Stop Watching, Big Brother

It is time to tell the public: No more - don't give in to the insufferable invasion of our lives.

The Public Security Ministry wants to know where you are right now, the head of the Shin Bet security service wants to know what you did yesterday and the head of the Mossad wants to know whom you met overseas. Soon their outrageous wishes will be granted.

After approving the establishment of a police-run telephone call database, the cabinet this week also passed the biometric information law, which would establish a database of the population's fingerprints and, even worse, photographs. The path is a short one to harsher tools in the war on crime and terror, such as a DNA database of all citizens. Following this, why not try implanting electronic chips in everyone's rear ends? Like pets or prisoners on furlough.

In this way, the authorities will always know where we are. No more fake alibis, escaped prisoners, missing persons, terror or even forbidden relations. Big Brother will always know everything.

Have we become Pakistan or Yemen? No democracy collects fingerprints from its citizens. Even the unenlightened United States, which has seriously toughened it war on terror, has not dared to go this far - only Israel.

The cabinet deviously used its intentions to issue sophisticated new ID cards, a legitimate matter, to disguise establishing a fingerprint and picture database, something completely illegitimate. Along with its twin brother, the DNA database, every citizen will be turned into a potential criminal.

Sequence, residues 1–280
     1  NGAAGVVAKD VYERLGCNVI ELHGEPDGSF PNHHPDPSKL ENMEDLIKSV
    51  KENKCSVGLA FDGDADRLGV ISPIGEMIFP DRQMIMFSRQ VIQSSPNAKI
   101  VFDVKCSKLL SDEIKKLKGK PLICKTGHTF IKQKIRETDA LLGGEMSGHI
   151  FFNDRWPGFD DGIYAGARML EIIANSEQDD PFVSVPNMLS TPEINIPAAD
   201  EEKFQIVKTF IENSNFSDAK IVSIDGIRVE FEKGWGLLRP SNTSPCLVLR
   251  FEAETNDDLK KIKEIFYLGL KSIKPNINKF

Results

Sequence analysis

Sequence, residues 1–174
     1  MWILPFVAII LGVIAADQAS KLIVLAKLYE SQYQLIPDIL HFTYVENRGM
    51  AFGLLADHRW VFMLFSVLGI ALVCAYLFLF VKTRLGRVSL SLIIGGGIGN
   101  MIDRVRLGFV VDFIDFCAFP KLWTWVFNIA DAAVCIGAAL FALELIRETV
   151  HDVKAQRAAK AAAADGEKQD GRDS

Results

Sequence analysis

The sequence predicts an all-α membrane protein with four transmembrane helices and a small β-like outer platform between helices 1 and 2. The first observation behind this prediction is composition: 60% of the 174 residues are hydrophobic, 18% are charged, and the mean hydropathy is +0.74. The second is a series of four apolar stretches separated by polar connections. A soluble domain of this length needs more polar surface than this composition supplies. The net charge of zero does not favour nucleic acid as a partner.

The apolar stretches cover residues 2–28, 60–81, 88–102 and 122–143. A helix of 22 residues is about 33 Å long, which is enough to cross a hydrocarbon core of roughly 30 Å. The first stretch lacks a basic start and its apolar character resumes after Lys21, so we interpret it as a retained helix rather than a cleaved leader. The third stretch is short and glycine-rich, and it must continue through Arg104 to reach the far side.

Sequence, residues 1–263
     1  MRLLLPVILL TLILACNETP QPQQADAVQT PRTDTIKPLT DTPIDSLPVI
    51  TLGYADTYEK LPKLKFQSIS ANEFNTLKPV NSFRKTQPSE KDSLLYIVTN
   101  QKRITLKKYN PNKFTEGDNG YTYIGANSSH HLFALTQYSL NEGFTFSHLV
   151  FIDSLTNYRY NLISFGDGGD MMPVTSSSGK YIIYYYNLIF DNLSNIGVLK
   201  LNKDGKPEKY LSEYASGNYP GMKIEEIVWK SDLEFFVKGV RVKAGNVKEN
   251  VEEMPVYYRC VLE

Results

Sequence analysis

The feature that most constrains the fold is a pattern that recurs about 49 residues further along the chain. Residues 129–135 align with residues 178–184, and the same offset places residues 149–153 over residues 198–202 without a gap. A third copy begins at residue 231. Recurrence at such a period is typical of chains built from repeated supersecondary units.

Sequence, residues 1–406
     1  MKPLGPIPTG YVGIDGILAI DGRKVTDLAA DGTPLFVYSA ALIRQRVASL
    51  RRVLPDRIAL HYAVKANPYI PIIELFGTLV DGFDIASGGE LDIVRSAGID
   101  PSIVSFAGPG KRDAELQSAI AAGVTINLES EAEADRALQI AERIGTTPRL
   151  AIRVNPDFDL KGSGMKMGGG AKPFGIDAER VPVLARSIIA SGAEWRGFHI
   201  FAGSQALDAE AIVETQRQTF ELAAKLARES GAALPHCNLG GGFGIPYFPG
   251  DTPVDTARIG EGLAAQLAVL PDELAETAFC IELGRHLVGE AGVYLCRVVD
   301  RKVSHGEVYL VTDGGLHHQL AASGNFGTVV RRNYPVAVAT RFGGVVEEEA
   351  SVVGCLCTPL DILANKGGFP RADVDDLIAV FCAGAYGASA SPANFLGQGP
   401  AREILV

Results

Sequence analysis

A robbery at the local grocery store? We were there, we are suspects. A rape at the club? We were there, we are marked. And after the decisive evidence is found, just try proving your innocence: You only went to the store to buy ketchup, or only went out to enjoy a night at the club. But evidence was found at the scene of the crime. From now on, we will all stand accused, unless we can prove otherwise.

These are delicate and sensitive checks and balances, which only a true democracy knows how to protect. Everyone wants to eradicate crime and prevent terror, but not at any price. There is a price that a healthy society will not agree to pay: destroying human rights and personal freedom.

Even if we have known unbearable decrees in the past, such as "permission to travel abroad," which went on for years without any public protest, extending to eavesdropping on a terrifying level, we have already done more than enough damage to democracy in the name of "security."

They search through our bags, ask us intolerable questions at the airport and now we are taking another step toward the abyss.

It is particularly frightening in light of the possibility that all these databases may one day be available to an even more extreme and dangerous government. It is time to tell the ruling powers: Enough is enough - you already know too much, so hands off. The excuse that they already know a lot from our credit cards and cellular phones is a joke. This is precisely the reason not to let them know any more.

It is also time to tell the public: No more - don't give in to the insufferable invasion of our lives. Raise the cry of revolt. At least a small and influential group should say no. Let the police fight crime, let the Shin Bet fight terror - but leave us in peace. We don't want to tell you who packed our bags, and we don't want you to know where we were yesterday.